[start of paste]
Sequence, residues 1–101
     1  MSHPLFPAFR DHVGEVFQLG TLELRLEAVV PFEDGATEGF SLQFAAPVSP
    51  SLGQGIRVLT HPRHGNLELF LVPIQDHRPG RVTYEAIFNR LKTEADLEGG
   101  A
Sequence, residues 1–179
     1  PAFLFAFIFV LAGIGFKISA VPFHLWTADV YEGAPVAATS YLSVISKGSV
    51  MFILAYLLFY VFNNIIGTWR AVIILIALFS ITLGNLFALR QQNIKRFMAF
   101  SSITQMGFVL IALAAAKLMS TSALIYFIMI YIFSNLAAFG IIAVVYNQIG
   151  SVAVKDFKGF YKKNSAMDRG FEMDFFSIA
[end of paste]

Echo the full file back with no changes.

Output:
Sequence, residues 1–101
     1  MSHPLFPAFR DHVGEVFQLG TLELRLEAVV PFEDGATEGF SLQFAAPVSP
    51  SLGQGIRVLT HPRHGNLELF LVPIQDHRPG RVTYEAIFNR LKTEADLEGG
   101  A
Sequence, residues 1–179
     1  PAFLFAFIFV LAGIGFKISA VPFHLWTADV YEGAPVAATS YLSVISKGSV
    51  MFILAYLLFY VFNNIIGTWR AVIILIALFS ITLGNLFALR QQNIKRFMAF
   101  SSITQMGFVL IALAAAKLMS TSALIYFIMI YIFSNLAAFG IIAVVYNQIG
   151  SVAVKDFKGF YKKNSAMDRG FEMDFFSIA